Kimber, S., 2011. ‘Srpski Film/A Serbian Film (2010): Investigating Transgression. In: Cine-Excess V: The International Conference on Global Cult Film, 26-28 May 2011, Odeon Covent Garden, London.. (Unpublished)
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Official URL: http://www.cine-excess.co.uk/cine-excess-v.php
Using ‘Srpski film/A Serbian Film’ (2010) (dir. Srdjan Spasojevic) as a case study this paper will examine the idea of transgression within contemporary European horror film. Working from a position that transgression is a complex and dynamic force, it will be suggested that ‘Srpski film/A Serbian Film’ offers a fascinating case study of ‘edge play’ within ongoing cycles of boundary construction and resistance operating on personal, critical, institutional, national and trans-national levels. What’s more it will be argued that ‘Srpski film/A Serbian Film’ demonstrates how the desire to transgress is an inevitable impulse that prevents cultural stagnation through the continuous exceeding/reaffirming of boundaries. The paper starts its analysis of transgression by placing ‘Srpski film/A Serbian Film’ within its historical and production contexts considering the films relationships with Serbian national cinema, American genre cinema and global film cultures. This will be followed by an examination of the function of the films narrative structure and formal stylisation upon its transgressive potential. The focus will be on how ‘Srpski film/A Serbian Film’ simultaneously and ambiguously both ameliorates and amplifies its transgressive potential through a range of formal, thematic and narrative formations. The paper will then move on to offer an examination of the censorship of ‘Srpski film/A Serbian Film’ in the UK by the British Board of Film Classification (BBFC). The BBFC required that the UK distributor make 49 separate cuts totaling 4 minutes and 12 seconds to obtain an 18 certificate, making it the most cut film for 16 years. The paper ends with an examination of some of the dominant themes to emerge from the critical reception of ‘Srpski film/A Serbian Film’ in the UK focusing on the films perceived artistic merit and the professed validity of the textual and contextual justifications for the films transgressive subject matter and its treatment.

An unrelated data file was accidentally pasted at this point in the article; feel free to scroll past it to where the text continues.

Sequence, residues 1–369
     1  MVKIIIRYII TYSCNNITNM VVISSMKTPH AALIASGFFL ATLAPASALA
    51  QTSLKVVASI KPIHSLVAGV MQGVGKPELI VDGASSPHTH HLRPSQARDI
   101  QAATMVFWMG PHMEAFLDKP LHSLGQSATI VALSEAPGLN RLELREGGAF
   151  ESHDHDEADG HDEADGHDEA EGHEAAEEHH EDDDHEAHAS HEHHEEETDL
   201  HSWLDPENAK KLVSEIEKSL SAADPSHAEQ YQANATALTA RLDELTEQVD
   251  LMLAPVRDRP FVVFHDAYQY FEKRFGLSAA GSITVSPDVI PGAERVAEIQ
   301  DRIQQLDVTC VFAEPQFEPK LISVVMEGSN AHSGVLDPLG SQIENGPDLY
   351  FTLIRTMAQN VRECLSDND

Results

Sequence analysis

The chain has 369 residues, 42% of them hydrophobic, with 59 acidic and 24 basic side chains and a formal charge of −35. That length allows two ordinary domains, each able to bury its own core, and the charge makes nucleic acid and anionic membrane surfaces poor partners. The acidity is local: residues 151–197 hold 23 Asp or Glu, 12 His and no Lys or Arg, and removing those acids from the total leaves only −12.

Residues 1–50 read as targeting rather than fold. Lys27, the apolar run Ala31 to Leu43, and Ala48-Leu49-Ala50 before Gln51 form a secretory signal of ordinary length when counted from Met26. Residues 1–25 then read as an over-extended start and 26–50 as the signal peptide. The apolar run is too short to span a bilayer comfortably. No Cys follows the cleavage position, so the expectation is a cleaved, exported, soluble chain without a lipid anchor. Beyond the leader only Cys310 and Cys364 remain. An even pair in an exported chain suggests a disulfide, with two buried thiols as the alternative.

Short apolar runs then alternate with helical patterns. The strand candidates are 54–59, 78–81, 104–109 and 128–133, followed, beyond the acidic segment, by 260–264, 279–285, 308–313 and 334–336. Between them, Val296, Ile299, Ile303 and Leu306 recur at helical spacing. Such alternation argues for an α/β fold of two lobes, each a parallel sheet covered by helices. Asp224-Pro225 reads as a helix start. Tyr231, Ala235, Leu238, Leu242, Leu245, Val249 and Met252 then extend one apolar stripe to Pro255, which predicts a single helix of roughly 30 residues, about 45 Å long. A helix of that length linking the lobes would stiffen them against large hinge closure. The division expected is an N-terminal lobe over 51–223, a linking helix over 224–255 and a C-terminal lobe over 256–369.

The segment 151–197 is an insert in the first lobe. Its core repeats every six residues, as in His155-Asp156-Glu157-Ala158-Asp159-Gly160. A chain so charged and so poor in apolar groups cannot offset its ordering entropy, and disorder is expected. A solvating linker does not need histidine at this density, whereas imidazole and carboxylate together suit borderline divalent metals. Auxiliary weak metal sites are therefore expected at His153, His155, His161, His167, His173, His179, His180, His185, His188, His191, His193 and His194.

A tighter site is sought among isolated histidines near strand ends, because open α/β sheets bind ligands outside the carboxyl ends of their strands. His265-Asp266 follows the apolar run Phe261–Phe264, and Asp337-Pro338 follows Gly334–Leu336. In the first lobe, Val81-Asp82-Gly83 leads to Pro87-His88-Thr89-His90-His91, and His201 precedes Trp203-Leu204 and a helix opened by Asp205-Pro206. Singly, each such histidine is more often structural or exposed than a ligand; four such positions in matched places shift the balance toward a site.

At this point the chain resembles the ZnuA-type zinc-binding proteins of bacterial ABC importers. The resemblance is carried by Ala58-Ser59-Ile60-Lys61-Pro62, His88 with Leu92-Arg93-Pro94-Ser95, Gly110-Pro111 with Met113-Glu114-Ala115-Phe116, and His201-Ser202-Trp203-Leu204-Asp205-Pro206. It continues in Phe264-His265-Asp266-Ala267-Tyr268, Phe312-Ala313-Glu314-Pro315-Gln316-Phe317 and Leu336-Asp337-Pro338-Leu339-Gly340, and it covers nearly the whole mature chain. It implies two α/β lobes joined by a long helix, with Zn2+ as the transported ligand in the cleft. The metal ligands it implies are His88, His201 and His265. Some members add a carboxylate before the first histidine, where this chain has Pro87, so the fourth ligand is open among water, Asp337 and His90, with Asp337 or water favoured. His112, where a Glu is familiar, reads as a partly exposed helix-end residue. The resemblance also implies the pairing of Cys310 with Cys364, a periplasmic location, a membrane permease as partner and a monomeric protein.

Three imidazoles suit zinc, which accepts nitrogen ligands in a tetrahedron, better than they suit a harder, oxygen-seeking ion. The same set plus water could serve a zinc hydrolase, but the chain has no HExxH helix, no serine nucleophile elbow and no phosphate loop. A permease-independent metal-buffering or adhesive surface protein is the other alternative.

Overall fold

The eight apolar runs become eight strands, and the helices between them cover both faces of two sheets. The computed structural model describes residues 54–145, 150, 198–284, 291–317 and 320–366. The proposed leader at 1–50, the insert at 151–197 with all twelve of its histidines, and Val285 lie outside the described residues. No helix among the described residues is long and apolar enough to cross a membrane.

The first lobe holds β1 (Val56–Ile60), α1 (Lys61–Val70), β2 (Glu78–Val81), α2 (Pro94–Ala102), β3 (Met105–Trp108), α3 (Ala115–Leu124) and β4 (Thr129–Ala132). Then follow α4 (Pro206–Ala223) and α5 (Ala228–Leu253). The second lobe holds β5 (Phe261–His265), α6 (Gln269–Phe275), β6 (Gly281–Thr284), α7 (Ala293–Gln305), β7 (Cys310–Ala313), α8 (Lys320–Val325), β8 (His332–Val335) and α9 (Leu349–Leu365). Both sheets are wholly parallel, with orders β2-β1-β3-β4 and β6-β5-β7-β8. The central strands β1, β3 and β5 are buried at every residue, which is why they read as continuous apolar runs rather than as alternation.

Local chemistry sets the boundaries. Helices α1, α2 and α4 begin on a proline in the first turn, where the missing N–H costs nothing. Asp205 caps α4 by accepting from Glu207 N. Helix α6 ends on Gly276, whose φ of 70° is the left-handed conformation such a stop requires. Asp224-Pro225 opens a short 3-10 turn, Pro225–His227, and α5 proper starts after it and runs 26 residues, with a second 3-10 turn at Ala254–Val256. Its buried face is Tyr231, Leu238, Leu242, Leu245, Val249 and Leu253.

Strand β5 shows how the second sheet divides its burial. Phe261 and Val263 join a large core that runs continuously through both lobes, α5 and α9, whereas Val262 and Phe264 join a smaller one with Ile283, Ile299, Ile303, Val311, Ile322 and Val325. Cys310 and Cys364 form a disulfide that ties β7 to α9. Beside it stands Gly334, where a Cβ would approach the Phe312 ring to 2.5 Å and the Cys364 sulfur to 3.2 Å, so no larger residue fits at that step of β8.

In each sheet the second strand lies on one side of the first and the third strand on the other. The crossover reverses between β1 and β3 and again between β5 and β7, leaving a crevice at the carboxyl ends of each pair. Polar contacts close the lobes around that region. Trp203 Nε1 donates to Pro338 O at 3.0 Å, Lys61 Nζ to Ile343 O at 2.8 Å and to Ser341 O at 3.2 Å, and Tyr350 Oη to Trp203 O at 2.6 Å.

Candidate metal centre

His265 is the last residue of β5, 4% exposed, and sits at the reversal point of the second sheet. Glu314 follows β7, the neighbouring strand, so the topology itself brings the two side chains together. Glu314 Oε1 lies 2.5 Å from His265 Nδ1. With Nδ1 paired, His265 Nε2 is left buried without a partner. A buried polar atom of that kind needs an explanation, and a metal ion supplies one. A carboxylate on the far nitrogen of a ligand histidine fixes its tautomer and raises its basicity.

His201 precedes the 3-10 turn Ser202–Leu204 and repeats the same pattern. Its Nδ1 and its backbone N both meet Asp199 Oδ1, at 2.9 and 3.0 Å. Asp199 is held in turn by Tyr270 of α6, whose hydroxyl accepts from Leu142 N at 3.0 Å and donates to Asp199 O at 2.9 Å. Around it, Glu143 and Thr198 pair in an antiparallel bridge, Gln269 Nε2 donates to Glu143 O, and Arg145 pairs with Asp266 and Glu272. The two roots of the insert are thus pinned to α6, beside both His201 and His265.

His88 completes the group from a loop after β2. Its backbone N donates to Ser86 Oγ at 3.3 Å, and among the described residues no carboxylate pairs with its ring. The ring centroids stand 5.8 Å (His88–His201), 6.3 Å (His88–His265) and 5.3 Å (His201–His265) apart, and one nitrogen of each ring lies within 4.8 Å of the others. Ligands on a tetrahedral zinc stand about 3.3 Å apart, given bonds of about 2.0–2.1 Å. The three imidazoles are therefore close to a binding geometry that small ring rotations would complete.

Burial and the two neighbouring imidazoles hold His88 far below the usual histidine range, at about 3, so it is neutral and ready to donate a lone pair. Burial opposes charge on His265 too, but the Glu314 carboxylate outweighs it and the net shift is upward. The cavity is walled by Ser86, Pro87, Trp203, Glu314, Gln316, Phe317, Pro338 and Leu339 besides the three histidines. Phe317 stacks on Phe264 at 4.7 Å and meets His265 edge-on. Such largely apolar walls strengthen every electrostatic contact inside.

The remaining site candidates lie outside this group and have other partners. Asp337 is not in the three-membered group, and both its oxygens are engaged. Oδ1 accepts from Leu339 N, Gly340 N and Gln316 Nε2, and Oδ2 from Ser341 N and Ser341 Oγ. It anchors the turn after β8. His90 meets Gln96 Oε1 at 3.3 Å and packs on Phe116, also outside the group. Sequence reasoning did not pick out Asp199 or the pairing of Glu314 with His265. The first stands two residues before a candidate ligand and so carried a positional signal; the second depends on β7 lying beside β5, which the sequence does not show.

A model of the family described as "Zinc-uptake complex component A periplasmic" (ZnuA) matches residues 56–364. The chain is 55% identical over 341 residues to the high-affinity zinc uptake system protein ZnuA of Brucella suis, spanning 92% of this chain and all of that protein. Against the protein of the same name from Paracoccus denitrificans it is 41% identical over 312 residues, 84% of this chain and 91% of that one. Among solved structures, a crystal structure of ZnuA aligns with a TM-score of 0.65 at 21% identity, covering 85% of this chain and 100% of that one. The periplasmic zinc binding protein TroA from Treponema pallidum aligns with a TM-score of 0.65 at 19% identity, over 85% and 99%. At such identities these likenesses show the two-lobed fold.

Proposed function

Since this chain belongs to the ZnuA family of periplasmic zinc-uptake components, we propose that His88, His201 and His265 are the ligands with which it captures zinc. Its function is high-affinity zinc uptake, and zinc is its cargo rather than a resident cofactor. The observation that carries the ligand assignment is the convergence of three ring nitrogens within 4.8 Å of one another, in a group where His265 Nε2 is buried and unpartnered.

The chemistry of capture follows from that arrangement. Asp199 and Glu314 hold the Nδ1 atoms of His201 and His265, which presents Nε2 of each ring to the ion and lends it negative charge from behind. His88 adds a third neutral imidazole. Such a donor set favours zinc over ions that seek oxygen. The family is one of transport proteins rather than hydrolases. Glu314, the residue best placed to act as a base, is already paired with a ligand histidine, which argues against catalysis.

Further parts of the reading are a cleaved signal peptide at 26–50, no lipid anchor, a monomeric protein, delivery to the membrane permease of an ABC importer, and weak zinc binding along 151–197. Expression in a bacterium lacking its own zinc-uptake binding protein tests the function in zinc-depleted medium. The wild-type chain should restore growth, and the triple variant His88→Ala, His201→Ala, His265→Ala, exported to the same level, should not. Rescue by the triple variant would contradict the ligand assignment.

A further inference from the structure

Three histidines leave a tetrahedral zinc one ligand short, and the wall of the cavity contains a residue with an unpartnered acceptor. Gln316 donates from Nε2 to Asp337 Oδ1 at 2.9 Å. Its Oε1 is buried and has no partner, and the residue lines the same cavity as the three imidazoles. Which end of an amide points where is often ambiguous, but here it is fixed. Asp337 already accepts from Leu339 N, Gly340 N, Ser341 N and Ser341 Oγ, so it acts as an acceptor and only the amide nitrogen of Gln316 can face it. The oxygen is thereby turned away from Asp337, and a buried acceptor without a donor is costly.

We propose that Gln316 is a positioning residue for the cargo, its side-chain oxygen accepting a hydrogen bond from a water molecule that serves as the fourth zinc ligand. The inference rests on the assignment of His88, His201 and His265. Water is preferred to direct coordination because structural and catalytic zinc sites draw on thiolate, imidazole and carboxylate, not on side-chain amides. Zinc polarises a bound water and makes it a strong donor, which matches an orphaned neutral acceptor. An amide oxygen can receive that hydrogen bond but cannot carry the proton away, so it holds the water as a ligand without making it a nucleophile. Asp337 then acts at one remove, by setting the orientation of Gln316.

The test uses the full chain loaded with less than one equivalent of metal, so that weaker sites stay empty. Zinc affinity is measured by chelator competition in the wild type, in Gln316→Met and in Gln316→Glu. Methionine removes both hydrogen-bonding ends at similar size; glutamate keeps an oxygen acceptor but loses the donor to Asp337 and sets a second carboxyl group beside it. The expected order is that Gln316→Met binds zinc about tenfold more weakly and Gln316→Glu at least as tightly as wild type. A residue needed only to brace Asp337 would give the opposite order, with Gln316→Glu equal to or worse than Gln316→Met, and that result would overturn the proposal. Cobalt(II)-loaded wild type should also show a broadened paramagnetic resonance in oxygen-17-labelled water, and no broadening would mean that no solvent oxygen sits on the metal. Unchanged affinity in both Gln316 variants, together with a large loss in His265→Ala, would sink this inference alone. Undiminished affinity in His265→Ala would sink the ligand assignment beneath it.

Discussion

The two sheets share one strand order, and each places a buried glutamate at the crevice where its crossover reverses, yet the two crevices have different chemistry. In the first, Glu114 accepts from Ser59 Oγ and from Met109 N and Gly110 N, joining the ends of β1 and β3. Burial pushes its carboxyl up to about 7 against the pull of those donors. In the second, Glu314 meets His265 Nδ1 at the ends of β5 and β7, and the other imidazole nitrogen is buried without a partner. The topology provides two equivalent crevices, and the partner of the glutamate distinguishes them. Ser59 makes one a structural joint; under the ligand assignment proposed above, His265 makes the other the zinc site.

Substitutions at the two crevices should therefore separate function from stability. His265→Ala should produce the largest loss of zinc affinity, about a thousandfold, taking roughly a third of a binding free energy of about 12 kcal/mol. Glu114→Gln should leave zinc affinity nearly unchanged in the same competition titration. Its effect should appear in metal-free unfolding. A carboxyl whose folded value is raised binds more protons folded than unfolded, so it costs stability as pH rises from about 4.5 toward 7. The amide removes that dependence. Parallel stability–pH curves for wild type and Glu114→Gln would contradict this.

|Item Type:||Conference or Workshop Item (Paper)|
|Subjects:||Social Sciences > Communication, Cultural and Media Studies|
Arts > Film and Television
Social Sciences > Sociology
|Deposited By:||Dr Shaun Kimber|
|Deposited On:||10 Apr 2011 18:53|
|Last Modified:||07 Mar 2013 15:43|
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